I think we have been lucky other than that one sad fatality. Another one though ... statisitcs won't mean squat.
    Even the recent firetruck incident has the NHTSA looking closely, hopefully the truth will out on that incident.

    I mean how tough would it be (just as an possible method) to have to reprise AP performance and re-enable it after a software upgrade. I could certainly live with that, and it would sure as heck give Tesla a lot more solid ground regarding whether their customers were properly informed and reminded of APs abilities.

    Just as an aside dont forget it's not just ICE and oil that would be happy to see Tesla falter, but increasingly other rivals such as Google/Waymo (who have already stated L2 is dangerous),GM and Uber will seek to make capital out should there be another Tesla incident. Success in business does not make friends.
     
  12. dipper

    dipper Member

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    During my delivery, I said I never even test drove a Tesla. The delivery girl show me the car function on the road, as part of the test drive. It is better than just showing how things work in the garage. Makes better sense how the car works, and limits too.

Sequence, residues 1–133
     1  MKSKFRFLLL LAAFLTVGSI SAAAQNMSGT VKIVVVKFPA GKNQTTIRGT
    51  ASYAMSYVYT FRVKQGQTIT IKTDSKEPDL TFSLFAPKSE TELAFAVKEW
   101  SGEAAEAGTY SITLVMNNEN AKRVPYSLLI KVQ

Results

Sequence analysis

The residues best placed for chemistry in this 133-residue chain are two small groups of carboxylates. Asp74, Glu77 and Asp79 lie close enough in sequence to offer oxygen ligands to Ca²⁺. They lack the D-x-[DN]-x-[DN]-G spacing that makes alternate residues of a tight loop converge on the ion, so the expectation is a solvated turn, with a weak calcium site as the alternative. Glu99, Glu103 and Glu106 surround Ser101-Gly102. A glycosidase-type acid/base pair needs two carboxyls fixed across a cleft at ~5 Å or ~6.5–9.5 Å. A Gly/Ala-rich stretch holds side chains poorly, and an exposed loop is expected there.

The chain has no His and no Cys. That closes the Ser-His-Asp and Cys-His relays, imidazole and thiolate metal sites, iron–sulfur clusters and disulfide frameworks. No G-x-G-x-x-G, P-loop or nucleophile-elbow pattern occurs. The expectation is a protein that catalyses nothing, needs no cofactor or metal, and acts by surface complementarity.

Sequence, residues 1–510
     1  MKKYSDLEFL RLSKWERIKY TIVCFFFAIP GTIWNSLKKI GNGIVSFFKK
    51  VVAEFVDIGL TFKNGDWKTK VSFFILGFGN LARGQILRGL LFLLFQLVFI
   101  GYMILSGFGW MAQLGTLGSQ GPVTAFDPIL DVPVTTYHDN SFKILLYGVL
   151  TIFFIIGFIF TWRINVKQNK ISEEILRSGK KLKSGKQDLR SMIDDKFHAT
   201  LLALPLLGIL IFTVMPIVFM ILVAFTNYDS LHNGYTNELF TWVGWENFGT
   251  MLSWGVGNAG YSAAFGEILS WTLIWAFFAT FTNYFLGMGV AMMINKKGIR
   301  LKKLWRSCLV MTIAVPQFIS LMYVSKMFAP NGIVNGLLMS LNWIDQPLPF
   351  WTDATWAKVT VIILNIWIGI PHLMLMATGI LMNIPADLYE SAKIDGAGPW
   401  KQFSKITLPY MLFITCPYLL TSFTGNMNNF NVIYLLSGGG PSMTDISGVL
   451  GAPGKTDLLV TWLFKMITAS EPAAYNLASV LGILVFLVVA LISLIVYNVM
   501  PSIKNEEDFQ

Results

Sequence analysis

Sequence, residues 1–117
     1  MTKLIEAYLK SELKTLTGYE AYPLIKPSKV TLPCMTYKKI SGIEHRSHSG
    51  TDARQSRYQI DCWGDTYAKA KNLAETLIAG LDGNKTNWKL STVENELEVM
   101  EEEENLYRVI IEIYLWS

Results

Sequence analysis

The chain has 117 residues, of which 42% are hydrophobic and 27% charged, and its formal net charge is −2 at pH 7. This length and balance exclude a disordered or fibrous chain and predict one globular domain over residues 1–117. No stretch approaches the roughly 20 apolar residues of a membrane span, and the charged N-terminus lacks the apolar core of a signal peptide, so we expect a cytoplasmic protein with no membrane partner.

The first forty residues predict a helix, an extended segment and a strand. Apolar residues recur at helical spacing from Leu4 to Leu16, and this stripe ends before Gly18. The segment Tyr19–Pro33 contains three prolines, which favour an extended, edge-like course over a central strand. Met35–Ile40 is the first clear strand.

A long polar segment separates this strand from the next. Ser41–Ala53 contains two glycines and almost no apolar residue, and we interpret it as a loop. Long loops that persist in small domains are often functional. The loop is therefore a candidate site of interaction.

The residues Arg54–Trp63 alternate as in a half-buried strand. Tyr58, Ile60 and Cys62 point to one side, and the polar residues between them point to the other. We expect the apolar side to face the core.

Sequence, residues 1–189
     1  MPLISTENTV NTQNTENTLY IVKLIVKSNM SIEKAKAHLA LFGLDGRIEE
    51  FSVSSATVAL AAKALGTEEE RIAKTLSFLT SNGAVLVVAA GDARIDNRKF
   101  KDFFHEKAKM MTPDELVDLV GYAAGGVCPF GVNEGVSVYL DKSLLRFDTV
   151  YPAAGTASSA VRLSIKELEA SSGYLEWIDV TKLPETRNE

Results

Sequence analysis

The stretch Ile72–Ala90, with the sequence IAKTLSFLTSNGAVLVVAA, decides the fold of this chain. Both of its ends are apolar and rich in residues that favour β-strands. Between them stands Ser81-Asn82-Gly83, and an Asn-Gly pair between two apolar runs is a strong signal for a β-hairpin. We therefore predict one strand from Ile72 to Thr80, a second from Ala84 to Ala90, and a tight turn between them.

Tesla should really offer this during delivery.
     
  13. RAW84

    RAW84 Member

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    Most don't read the manual, but every time autopilot is engaged there's a warning that comes on the screen instructing the driver to always be alert and ready to take over if needed. This is sufficient, in my opinion.
     
  14. cwerdna

    cwerdna Active Member

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    You're unfortunately expecting too much. :( This is slight tangent and wasn't on something safety critical like knowing autopilot and its limitations but I posted about a "street encounter" (well, charging station encounter) with someone who had their Model S for 3 years:
    encounters w/other Leafers w/surprising lack of knowledge - Page 9 - My Nissan Leaf Forum